kccu

Camila Domonoske

Camila Flamiano Domonoske covers cars, energy and the future of mobility for NPR's Business Desk.

She got her start at NPR with the Arts Desk, where she edited poetry reviews, wrote and produced stories about books and culture, edited four different series of book recommendation essays, and helped conceive and create NPR's first-ever Book Concierge.

With NPR's Digital News team, she edited, produced, and wrote news and feature coverage on everything from the war in Gaza to the world's coldest city. She also curated the NPR home page, ran NPR's social media accounts, and coordinated coverage between the web and the radio. For NPR's Code Switch team, she has written on language, poetry and race. For NPR's Two-Way Blog/News Desk, she covered breaking news on all topics.

As a breaking news reporter, Camila appeared live on-air for Member stations, NPR's national shows, and other radio and TV outlets. She's written for the web about police violence, deportations and immigration court, history and archaeology, global family planning funding, walrus haul-outs, the theology of hell, international approaches to climate change, the shifting symbolism of Pepe the Frog, the mechanics of pooping in space, and cats ... as well as a wide range of other topics.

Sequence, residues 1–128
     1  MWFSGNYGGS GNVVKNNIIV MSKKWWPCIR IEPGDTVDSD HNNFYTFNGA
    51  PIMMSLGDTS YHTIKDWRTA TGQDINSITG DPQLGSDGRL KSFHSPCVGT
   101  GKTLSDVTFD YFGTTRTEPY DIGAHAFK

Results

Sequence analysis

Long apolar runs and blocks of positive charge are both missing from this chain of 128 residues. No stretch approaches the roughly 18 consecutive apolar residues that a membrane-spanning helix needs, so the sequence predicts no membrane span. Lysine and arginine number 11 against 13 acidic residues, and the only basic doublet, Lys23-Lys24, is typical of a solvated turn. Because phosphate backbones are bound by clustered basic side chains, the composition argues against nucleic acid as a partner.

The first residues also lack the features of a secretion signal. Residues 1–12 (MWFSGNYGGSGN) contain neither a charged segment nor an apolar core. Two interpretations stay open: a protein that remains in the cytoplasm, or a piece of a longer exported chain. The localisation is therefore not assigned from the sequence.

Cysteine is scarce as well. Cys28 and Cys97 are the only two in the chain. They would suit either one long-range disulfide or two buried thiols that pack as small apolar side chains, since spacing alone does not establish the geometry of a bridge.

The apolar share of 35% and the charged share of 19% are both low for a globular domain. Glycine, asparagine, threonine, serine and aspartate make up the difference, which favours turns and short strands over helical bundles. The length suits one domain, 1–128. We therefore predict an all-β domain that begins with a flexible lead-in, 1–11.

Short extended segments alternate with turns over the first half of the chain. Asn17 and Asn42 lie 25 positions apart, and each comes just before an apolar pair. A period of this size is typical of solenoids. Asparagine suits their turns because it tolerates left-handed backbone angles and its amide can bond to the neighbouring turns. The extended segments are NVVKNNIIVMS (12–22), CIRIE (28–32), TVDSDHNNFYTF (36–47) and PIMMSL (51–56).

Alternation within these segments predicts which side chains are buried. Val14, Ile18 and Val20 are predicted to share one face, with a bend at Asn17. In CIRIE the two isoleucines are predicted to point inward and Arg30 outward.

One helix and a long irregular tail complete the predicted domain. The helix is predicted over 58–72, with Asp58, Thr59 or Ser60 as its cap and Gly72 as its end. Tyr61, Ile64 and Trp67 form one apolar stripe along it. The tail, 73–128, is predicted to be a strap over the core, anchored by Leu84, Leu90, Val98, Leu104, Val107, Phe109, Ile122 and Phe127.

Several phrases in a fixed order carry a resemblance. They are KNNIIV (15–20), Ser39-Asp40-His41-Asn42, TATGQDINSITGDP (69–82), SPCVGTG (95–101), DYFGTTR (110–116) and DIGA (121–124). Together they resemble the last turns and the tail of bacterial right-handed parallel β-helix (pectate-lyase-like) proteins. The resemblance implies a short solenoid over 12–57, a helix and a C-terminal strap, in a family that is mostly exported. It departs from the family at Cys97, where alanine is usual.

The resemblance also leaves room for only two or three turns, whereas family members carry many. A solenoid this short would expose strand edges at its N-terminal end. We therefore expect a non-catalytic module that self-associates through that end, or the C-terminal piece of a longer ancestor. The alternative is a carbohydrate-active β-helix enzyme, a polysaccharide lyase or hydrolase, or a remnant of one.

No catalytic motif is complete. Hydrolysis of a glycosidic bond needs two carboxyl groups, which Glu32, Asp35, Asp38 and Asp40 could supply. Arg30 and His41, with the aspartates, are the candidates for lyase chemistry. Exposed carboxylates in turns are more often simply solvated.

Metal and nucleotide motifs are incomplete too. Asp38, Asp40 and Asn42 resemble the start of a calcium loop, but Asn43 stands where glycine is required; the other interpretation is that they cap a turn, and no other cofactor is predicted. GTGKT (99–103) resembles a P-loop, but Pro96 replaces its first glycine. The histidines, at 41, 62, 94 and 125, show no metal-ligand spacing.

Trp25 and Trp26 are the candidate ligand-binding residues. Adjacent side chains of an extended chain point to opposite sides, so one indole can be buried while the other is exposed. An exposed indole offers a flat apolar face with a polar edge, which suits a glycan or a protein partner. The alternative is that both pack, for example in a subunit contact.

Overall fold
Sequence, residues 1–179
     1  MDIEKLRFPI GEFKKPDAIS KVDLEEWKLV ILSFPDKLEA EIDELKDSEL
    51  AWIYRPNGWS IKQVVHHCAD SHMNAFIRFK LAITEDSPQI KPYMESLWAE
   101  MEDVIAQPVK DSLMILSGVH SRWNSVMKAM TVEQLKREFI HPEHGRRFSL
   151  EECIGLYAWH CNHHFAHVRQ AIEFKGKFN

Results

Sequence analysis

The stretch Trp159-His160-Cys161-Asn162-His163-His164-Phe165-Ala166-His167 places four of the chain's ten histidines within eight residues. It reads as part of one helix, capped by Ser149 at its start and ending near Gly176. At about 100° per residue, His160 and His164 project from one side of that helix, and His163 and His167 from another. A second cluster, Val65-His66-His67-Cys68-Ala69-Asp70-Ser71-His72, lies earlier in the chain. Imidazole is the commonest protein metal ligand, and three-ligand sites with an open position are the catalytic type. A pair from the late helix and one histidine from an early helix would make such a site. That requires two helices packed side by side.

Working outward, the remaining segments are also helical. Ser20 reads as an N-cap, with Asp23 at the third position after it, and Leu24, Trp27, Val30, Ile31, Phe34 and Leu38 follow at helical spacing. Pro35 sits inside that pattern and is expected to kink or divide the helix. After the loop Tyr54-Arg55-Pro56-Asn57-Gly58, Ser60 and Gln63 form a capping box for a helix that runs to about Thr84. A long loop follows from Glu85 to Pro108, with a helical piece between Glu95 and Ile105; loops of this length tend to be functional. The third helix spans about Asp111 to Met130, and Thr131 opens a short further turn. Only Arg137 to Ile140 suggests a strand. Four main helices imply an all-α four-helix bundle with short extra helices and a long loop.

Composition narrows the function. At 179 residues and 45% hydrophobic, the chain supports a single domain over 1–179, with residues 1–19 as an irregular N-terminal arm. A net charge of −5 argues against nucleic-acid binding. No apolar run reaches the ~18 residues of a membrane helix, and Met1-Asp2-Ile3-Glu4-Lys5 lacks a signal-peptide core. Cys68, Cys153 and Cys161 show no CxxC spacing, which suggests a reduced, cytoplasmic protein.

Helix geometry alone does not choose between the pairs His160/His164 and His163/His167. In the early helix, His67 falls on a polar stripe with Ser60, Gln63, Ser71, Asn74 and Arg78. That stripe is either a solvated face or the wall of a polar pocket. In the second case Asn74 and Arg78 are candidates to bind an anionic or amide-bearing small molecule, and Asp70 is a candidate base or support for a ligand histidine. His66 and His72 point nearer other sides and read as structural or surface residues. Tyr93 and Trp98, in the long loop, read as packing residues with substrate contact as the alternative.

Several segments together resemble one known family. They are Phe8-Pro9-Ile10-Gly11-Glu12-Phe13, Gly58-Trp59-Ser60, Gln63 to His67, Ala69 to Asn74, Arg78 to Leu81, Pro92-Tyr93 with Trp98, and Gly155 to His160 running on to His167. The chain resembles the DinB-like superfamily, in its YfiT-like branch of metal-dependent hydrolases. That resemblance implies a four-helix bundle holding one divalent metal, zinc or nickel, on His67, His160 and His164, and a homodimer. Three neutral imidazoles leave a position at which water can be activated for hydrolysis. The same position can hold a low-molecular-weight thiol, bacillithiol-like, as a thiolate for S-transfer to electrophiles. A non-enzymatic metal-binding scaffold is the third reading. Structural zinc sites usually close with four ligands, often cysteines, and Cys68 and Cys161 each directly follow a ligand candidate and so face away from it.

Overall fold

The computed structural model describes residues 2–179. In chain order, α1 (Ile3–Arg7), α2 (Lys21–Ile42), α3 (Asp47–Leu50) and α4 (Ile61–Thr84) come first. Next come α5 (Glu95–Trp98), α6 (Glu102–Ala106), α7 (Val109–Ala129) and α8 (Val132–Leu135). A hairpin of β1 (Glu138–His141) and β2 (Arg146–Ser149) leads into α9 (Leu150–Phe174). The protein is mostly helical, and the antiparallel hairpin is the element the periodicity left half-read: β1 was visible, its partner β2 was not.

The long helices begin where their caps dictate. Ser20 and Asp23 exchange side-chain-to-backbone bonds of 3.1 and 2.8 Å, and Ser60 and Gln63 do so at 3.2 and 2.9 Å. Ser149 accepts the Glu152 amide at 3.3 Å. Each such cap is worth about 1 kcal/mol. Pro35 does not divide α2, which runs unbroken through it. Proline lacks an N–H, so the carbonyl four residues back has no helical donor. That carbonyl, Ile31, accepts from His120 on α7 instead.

She was a regular host of NPR's daily update on Facebook Live, "Newstime" and co-created NPR's live headline contest, "Head to Head," with Colin Dwyer.

Every now and again, she still slips some poetry into the news.

Camila graduated from Davidson College in North Carolina.

If you're still waiting for your pandemic payment from the federal government, and you would like to receive it directly into your bank account, head over to the IRS website by noon on Wednesday.

If the IRS doesn't have your direct deposit information by that deadline, you'll still get your payment — but you'll receive it in the form of a paper check, which might not arrive until June.

Electric carmaker Tesla has resumed production at its Fremont, Calif., plant — in defiance of local health authorities.

Copyright 2020 KUNR Public Radio. To see more, visit KUNR Public Radio.

AILSA CHANG, HOST:

Michelle Lee, a cashier at a Safeway in Alexandria, Va., has kept working through the pandemic. In fact, she has been working harder than ever.

"My back is hurting a little bit, but I'm doing all right," she told NPR in March. "It's been really, really busy. The lines are really long. Customers are buying $200, $300, $400 worth of groceries. And it's constant. It's nonstop."

America is starting its engines again.

Freeways and city streets have been remarkably empty for weeks. The coronavirus pandemic caused an unprecedented drop in U.S. traffic — total miles driven dropped by more than 40% in the last two weeks of March, according to data collected by Arity.

In some states, mileage eventually dropped more than 60% below what would be expected without a pandemic.

But for several weeks now, the same data shows that miles driven are starting to climb again. Driving remains well below normal levels, but is rising consistently.

Pages